Tag Archives: Valrhona

Valrhona Palmira Chocolat Noir de Domain

Valrhona Palmira Single Estate Bar Label

Valrhona Palmira Single Estate Bar Label

I’ve been reviewing a lot of unconventional chocolate lately – nib-filled bars and coated cacao beans to name just some, so I thought it was about time to get back to a simple, pure chocolate bar and talk about the essence of cocoa origin.  Cocoa origin is primarily about place.  Where the cacao is grown imparts a certain character to the chocolate that cannot be reproduced exactly the same way elsewhere.

The venerable Valrhona makes such a wide range of chocolate that many people are not aware of some of their more obscure limited edition bars.  Akin to how some of the world’s finest wines are made, the Chocolat de Domain bars use cacao from only one estate where Valrhona can more closely control and monitor the quality of the beans produced year after year.  In keeping with the wine analogy, Valrhona declares a vintage for each harvest, in this case 2009.  The Palmira Plantation is situated in the fertile  lands of west Venezuela close to lake Maracaibo.  It’s here that they grow the world’s most rare major cacao variety – Criollo, a flavor bean that’s used to make less than 5% of all the world’s chocolate [3], a bean known for it’s subtle nuanced flavors.   By getting very specific about location – down to one individual estate, Valrhona takes single origin to the extreme.

Put it all together and you’ve got something truly unique – a chocolate made from single-estate cacao from a specific harvest year representing the characteristics of that growing season, location and, most importantly, bean variety – Criollo.  Now that’s just half the battle because after harvest, there are nine more steps involved in making a fine chocolate bar all of which can be fouled up in some way.  But, I wasn’t too worried going into this tasting since I’ve been told that the French know a little something about food and Valrhona about chocolate.   No, I went into this with great expectations.  So let’s taste.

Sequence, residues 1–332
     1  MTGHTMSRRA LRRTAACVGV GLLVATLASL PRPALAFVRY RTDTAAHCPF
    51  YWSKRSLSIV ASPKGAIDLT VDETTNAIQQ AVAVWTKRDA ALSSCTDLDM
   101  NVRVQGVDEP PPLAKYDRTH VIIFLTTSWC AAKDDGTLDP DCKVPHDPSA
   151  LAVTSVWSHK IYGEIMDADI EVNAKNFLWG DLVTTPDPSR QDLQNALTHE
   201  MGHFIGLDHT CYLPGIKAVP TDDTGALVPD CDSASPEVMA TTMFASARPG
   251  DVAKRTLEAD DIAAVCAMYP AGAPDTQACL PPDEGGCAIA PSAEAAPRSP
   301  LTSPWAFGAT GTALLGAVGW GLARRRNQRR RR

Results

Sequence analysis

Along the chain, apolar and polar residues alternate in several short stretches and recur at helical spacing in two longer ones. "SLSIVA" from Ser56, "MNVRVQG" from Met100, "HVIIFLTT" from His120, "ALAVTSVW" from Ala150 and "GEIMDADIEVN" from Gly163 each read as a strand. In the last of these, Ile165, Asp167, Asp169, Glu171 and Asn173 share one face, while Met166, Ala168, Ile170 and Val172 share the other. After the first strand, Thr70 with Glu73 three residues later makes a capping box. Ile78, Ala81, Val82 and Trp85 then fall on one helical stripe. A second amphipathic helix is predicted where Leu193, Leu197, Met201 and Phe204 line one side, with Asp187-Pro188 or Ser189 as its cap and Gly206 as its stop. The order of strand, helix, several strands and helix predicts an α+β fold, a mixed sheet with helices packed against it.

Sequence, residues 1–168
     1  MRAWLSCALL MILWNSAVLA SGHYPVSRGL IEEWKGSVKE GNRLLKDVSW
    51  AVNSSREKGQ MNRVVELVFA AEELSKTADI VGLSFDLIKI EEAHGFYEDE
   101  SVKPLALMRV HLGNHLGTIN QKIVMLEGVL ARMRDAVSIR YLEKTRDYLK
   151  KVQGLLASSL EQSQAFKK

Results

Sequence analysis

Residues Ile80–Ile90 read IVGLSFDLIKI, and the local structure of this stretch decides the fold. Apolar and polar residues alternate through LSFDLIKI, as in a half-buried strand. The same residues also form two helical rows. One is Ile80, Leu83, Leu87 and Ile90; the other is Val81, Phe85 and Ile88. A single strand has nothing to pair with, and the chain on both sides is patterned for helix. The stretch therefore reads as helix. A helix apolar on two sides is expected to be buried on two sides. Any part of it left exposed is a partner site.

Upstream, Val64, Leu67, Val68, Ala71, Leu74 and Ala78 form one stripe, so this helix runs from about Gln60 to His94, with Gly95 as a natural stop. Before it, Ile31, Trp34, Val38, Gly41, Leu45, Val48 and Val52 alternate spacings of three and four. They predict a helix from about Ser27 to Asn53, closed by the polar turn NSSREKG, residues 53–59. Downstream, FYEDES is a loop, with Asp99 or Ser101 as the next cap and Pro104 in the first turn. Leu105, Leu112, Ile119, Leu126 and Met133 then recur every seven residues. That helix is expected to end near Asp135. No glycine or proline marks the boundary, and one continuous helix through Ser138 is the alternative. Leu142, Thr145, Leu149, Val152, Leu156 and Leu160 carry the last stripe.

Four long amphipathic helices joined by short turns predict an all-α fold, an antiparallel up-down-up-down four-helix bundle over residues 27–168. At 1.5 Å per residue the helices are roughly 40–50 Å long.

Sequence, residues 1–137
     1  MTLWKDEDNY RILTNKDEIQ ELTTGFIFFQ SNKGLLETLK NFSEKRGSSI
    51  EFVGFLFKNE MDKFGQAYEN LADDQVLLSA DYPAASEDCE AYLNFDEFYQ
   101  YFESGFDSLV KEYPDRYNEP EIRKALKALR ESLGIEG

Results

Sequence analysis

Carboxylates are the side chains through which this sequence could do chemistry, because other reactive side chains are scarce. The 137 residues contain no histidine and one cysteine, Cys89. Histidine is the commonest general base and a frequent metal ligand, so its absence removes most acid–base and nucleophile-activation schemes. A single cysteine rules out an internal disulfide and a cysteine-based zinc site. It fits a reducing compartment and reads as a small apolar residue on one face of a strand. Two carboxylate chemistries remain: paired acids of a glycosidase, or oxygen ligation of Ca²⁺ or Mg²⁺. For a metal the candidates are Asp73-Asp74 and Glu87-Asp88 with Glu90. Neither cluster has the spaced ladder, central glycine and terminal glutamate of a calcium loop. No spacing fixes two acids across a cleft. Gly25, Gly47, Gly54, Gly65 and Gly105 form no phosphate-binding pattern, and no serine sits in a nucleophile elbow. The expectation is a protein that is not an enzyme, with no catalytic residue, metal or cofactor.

Valrhona Palmira Single Estate Bar

Valrhona Palmira Single Estate Bar. This square is only about 2 cm wide and reveals the fine mold design and care taken to achieve a beautiful finish on the bar.

WHAT:  Valrhona Palmira Chocolat Noir de Domain (single estate).  64% cacao.  75g bar.  Ingredients: cocoa beans from Venezuela, sugar, cocoa butter, soya lecithin, vanilla.  Where to buy.

WHEN:  August 14, 2010


AROMA:  Honey, caramel, lavender, vanilla, banana, orange blossom, faint almonds.

INITIAL IMPRESSIONS:  Banana, floral – lavender, light coffee and buttered toast.

MIDDLE TASTE:  A long, slow release of fruit – blueberry, cantaloupe, apricot and orange.  The fruit notes are less intense, yet not as short-lived as some less refined bars.  They are slow, steady and elegant.  Very gratifying.

FINISH:  Orange, citrus, creme and angel food cake slowly dissolves into vanilla ice cream.  A wonderful, long-lived finish leaves no unpleasant tastes.  Fades into an almost imperceptible straw note.

TEXTURE:  What is remarkable about the mouth feel was that the bar didn’t just melt away, it was more of a sensation of dissolving slowly into liquid.  This is velvet.

LAST BITE:   Most likely the result of long refining and conching, this bar gives up its fruit in a slow, steady stream that you can savor.  Unlike some of the minimally processed bars like Taza [2] where you get a sudden blast of bright fruit, Palmira is elegant, refined and sensual.  This bar is all feminine , not necessarily voluptuous like Scarlett Johansson, but more elegant and mature like Cate Blanchett.